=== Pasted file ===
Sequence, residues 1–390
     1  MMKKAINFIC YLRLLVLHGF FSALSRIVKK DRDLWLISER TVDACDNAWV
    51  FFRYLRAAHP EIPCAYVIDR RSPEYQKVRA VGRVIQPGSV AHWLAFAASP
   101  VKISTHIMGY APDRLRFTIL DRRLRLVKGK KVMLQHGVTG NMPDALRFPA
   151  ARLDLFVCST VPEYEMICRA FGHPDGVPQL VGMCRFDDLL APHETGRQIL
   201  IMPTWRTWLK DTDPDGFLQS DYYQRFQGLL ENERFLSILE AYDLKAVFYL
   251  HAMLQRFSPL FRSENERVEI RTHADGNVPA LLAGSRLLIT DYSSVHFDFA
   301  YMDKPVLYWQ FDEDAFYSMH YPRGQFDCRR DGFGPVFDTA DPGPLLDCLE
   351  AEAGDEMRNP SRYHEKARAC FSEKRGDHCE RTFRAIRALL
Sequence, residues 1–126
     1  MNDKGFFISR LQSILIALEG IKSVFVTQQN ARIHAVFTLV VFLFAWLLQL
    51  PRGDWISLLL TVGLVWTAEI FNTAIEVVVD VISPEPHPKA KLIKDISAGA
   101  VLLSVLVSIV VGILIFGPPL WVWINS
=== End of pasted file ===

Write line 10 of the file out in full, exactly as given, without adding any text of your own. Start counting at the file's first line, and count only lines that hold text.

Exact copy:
Sequence, residues 1–126